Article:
Abstract: The aim of this case study was to develop, apply and evaluate a science-education workshop format to communicate climate change to young people. Based on current theory in climate change communication and Education for Sustainable Development, the workshop has been applied in different contexts with more than 300 children and teenagers. A specification of the consecutive steps should help practitioners to use the workshop in their contexts. While results of the application of the workshop should give an insight into what can be expected from the workshop, an impact assessment of the participants who took place in the workshop outlines the effects it has on students. This paper does not only provide hands-on advice on how theoretical climate change communication knowledge can be translated into action, it also outlines the impacts of the described workshop.
Keywords: Climate Change Communication, Education for Sustainable Development, Moderate-Constructivism, Science Education, Societal Transformation
Responding to key challenges of the 21st century, such as global climate change, is a complex process of societal transformation. While the body of knowledge on the physical science basis of climate change and its impacts is growing steadily, there is not yet an equivalent understanding of the societal challenges of global climate change and effective measures to react or even “proact” accordingly. However, key policy documents, reaching from the IPCC 5th Assessment Report (Stocker et al., 2013) to the EU Adaptation Strategy (European Commission, 2013a), to climate strategies on national (e.g. Austria, Germany) and regional levels (e.g. Province of Tyrol/Austria) prioritise participatory approaches for knowledge-sharing and capacity development as well as public engagement in general. In this respect, it is vital to follow a transdisciplinary approach, which is applied in a dialogic and target-group oriented format, and thereby enables the development of more effective strategies tackling the complex challenges connected to global climate change (Lange, 2003; Max-Neef, 2005; Mittelstraß, 1987; Muhar & Vilsmaier 2006). Since stakeholder integration and the co-production of knowledge by scientists and stakeholders is especially challenging, Lang et al. (2012) point at the need for experience-based guidelines that build on empirical success (and failure).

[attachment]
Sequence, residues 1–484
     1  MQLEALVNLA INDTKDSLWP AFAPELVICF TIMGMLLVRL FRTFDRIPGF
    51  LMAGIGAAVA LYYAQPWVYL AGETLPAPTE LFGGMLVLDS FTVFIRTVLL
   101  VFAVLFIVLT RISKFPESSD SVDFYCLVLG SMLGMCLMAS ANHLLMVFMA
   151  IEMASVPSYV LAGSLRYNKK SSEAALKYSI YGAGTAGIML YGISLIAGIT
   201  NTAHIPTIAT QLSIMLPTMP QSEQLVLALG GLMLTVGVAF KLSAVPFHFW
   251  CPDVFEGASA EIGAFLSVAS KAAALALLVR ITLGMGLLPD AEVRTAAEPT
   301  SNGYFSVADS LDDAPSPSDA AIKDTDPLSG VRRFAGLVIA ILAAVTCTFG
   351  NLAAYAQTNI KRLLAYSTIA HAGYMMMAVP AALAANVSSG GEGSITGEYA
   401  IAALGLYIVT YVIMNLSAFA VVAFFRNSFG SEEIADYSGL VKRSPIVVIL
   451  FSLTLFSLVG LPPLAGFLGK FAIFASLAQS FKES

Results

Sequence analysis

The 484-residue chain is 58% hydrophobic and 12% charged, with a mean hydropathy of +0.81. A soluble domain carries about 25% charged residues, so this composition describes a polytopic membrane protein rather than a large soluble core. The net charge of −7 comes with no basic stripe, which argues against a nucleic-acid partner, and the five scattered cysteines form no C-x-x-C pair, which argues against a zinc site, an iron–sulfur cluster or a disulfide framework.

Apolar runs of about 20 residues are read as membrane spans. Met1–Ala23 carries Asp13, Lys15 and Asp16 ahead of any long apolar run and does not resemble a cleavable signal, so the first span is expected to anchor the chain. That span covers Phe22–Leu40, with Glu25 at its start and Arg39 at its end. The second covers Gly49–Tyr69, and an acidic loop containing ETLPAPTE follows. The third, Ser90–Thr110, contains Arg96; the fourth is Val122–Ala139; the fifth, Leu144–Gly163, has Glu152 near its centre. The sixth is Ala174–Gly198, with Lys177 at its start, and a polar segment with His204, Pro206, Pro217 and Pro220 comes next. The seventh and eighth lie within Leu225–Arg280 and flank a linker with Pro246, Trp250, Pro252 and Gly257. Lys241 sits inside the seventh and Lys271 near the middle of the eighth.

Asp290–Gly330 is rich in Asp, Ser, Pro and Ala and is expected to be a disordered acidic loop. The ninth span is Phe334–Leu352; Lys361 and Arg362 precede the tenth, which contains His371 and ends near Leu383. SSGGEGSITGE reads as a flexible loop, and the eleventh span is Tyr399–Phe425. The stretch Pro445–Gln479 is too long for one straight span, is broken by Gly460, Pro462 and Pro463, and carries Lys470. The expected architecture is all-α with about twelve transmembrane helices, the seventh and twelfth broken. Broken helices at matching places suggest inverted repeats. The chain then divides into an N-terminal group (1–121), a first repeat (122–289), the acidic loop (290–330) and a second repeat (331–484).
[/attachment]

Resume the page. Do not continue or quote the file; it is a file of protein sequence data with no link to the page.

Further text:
Young people play an important role in this process of (societal) transformation. First of all, they are a particularly vulnerable generation as they will be exposed to climate change (impacts) much longer and much more intensively than any generation before. In addition to direct impacts, Fritze et al. (2008) identify health implications of climate change as being: the impact of extreme weather events; the effect of social, economic and environmental disruptions to vulnerable communities; and anxiety regarding the future. Secondly, there is hardly a target-group which is organisationally more accessible than children and teenagers. Despite the fact that this implies an opportunity to “use” them as multipliers to convey a particular message like mitigation into an entire household, it also requires a lot of sensitivity and responsibility. Above all, today’s children and teenagers will be the leading decision makers in the future. Therefore, integrating and engaging them in the climate change debate as early as possible is fundamental for a more sustainable future.
Several larger programmes such as Children in a Changing Climate (CCC) have looked at opportunities for children and teenagers to influence and engage in climate change policy (Mitchell et al., 2009; Walden et al., 2009). A number of scientists have developed an evidence base to empower children and teenagers as change agents within their communities (Haynes et al., 2010; Mitchell et al., 2008; Tanner et al., 2009; Tanner, 2010). According to these findings, engaging children in climate change science and policy is legitimised when their needs as recipients or beneficiaries are fulfilled and/or they are actively engaged in decision-making and planning (Tanner, 2010). In order to help children and teenagers understand, address, mitigate, and adapt to the impacts of climate change, encourage the changes in attitudes and behaviours needed to put our world on a more sustainable development path, and build a new generation of climate change-aware citizens, science education plays a key role (UNSECO, 2010).
Due to a number of alarming reports about students’ science achievements by the US Department of Education at the end of 2008 (e.g. National Center for Education Statistics, 2007), President Obama called for more scientist involvement in education and announced new initiatives for science research and education, challenging scientists to use their knowledge to think about innovative ways to engage young people in science (Nat Neurosci, 2009). In a European context, there are more and more individual scientists who promote aspects of “education and public outreach” in research projects (Illetschko & Taschwer, 2014). Furthermore, this request has been taken into account by the European Commission who launched the “Call for Integrating Society in Science and Innovation” in the research program Horizon 2020 (European Commission, 2013b). The Austrian programme “Sparkling Science”, funded by the Federal Ministry of Science, Research and Economy (BMWFW), which started in 2007, is a role-model that adopts an unconventional way in the promotion of young scientists that is unique in Europe (Sparkling Science, 2014).